After slugging it out for the past seven years regarding the regulation of online poker in the state of California, three state Indian tribes have offered a compromise that may move forward current legislation.
In a letter obtained by Pechanga.net, the leaders of those three tribes – Bo Mazzetti of the Rincon Band of Luisefio Indians, Gene Whitehouse of the United Auburn Indian Community and Robert Smith of the Pala Band of Mission Indians – address the two representatives who have pushed forward legislation this year in California. The letter, addressed to Representatives Reggie Jones-Sawyer and Mike Gatto, states that the three tribal entities have come to an agreement on a compromise that might bring together the different factions over online poker. “We believe that these issues are essential to finding a meaningful consensus on internet poker in California,” the letter states.
As to the potential companies that could take part in a proposed California online poker industry, the three tribal chairman suggest that horse racing tracks be allowed the same opportunity to participate in the California online poker bonanza. “We support the approach of AB 167 (Jones-Sawyer’s proposed bill) in permitting horse racing associations to be eligible for internet poker operator licenses on the same terms as eligible tribes or card rooms,” the three chairman state.
Mazzetti, Whitehouse and Smith also conclude that some of the language in AB 167 as it regards ‘bad actors’ is more palatable than Gatto’s AB 9 in that it looks at individuals rather than companies as a whole. “We suggest an approach that looks specifically at personal participation in unauthorized gaming,” their letter suggests. “Under this approach, those persons with control over a licensed operator, service provider or marketing affiliate could not include any person who has personally participated in unauthorized gaming.”
On this particular subject, the three tribal leaders elaborate a bit further. “This approach strikes a balance between the state’s need to ensure that persons who willfully (defy/defied) gaming laws not be permitted to jeopardize the integrity of internet poker in California while recognizing that control of an entity may change over time that resolves regulatory concerns,” the letter reads. It also suggests that potential licensees – whether they are operators or individuals – have two years of experience with gaming activities and are “in good standing” would be acceptable background for joining in California’s proposed online poker industry.
Another potential roadblock was addressed by the trio of tribal leaders. As to the usage of “assets developed through unauthorized internet gaming,” the leaders admitted that they had not come to a full agreement on the subject but “encourage continued conversation on this important issue.” Finally, the tribal heads agree with Gatto’s AB 9 that a license should be for a 10-year period rather than the four-year term that is suggested with Jones-Sawyer’s AB 167.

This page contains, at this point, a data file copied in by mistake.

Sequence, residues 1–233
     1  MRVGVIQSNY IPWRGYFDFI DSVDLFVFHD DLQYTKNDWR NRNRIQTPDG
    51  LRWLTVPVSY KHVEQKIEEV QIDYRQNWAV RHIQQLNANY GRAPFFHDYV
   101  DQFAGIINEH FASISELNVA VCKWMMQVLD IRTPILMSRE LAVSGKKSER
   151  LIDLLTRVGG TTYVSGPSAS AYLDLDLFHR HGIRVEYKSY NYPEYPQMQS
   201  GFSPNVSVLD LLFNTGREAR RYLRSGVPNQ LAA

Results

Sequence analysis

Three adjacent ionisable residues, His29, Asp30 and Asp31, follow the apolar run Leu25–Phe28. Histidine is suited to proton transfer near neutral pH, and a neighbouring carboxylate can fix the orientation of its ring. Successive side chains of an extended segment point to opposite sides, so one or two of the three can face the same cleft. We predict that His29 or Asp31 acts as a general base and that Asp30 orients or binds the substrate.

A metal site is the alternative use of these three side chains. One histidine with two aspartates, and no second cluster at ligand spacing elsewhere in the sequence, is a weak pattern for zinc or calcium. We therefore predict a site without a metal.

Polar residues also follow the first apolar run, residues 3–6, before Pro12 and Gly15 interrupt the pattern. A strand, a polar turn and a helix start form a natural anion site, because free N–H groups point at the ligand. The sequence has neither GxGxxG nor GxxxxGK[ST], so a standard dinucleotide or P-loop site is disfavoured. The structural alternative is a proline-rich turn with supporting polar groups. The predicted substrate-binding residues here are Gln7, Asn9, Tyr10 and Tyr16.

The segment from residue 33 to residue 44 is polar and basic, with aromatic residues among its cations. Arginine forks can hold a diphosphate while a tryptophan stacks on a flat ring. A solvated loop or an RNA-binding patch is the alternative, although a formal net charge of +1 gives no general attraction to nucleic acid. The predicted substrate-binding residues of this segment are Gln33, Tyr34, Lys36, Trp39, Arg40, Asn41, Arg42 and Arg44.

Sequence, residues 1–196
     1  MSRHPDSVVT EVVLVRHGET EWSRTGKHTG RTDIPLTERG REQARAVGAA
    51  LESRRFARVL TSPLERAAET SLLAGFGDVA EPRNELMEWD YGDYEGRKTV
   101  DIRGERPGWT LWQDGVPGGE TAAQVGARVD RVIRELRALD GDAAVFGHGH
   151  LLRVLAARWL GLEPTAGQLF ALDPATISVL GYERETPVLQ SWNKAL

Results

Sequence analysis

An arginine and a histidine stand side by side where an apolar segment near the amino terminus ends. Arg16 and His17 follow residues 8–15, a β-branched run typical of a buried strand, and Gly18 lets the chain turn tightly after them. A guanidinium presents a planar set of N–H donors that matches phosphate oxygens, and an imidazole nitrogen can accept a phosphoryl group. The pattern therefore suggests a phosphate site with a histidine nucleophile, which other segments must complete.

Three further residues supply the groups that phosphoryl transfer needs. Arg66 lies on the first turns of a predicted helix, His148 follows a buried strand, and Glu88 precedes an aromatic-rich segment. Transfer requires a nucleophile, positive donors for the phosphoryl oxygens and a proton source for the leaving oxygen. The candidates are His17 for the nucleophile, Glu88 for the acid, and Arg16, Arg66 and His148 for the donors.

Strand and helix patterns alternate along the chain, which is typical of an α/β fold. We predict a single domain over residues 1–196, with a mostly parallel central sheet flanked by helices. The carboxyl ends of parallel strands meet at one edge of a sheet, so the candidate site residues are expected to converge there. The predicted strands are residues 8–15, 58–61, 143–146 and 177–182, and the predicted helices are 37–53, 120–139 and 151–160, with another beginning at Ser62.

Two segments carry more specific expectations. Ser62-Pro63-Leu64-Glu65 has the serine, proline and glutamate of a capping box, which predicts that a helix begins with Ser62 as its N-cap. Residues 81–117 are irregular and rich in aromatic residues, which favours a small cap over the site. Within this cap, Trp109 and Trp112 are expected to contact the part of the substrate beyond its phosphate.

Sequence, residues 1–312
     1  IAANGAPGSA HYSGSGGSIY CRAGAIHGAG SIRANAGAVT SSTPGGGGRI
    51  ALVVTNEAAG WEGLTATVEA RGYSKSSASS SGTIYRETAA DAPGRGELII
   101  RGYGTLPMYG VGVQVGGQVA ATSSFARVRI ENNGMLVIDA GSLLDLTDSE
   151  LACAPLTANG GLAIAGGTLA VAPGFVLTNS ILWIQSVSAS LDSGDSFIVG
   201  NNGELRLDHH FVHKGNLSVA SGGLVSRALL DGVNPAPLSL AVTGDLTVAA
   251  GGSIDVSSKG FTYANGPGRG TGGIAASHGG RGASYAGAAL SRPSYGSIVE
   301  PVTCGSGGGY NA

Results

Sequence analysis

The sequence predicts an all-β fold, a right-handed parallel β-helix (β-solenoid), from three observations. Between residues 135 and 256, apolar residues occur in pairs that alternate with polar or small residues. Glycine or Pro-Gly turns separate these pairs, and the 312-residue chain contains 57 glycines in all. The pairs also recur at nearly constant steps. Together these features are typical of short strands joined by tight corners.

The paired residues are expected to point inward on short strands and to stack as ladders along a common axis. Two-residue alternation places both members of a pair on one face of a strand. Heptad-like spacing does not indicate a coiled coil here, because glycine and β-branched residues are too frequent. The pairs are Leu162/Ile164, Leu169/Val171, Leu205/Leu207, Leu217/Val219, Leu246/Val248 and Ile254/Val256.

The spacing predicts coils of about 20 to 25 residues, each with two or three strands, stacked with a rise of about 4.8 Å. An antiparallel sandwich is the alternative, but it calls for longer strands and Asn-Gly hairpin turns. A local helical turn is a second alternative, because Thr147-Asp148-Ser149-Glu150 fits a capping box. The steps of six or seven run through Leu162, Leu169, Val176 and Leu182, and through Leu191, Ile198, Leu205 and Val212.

The letter demonstrates that some of the tribes that would be eligible to participate in a proposed California online poker market are attempting to make some moves forward on the online poker debate. The introduction of the ‘bad actor’ language of previous bills has been a subject that has divided not only the tribes but also the card rooms and racetracks. In the tribal case, the three authors of the letter to Jones-Sawyer and Gatto suggest that they, although for a ‘bad actor’ clause, are willing to go deeper and look at companies that have changed ownership and may be suitable for licensing but aren’t sure of their intellectual content. The Morongo and San Manuel Indian tribes are against any ‘bad actor’ language (and, not surprisingly, have deals signed with the company causing the ‘bad actor’ debate…more on that in a moment), while the Pechanga and Aqua Caliente tribes are for the ‘bad actor’ clause.
The ‘bad actor’ clause at the center of the debate is about PokerStars’ potential entry into a California online poker industry. Under the beliefs of Mazzetti, Whitehouse and Smith, Amaya Gaming‘s purchase of PokerStars last year eradicates the “unlawful” component from the company (as everyone remembers from 2011, PokerStars’ founder and then-CEO, Isai Scheinberg, was indicted and remains at large from federal authorities; he was also alleged to still hold sway over the company after he was allegedly forced out in 2012 in an out-of-court settlement with the U. S. government regarding PokerStars’ “Black Friday” actions) as those involved from 2006-2011 are no longer with PokerStars. Whether Amaya could use the PokerStars software, mailing lists and other “intellectual property” is still up in the air.
Whether the overture from the three Indian tribes will be enough to break the logjam in California over online poker regulation is hard to determine. There has been long animosities built up between the tribes, the card rooms and the racetracks on this subject for nearly a decade and, although they seem to be thawing a bit, any further bumps in the road could upset the delicate balance. To this point, neither Jones-Sawyer nor Gatto have responded to the letter, but there are efforts to move a combined Jones-Sawyer/Gatto merged bill forward.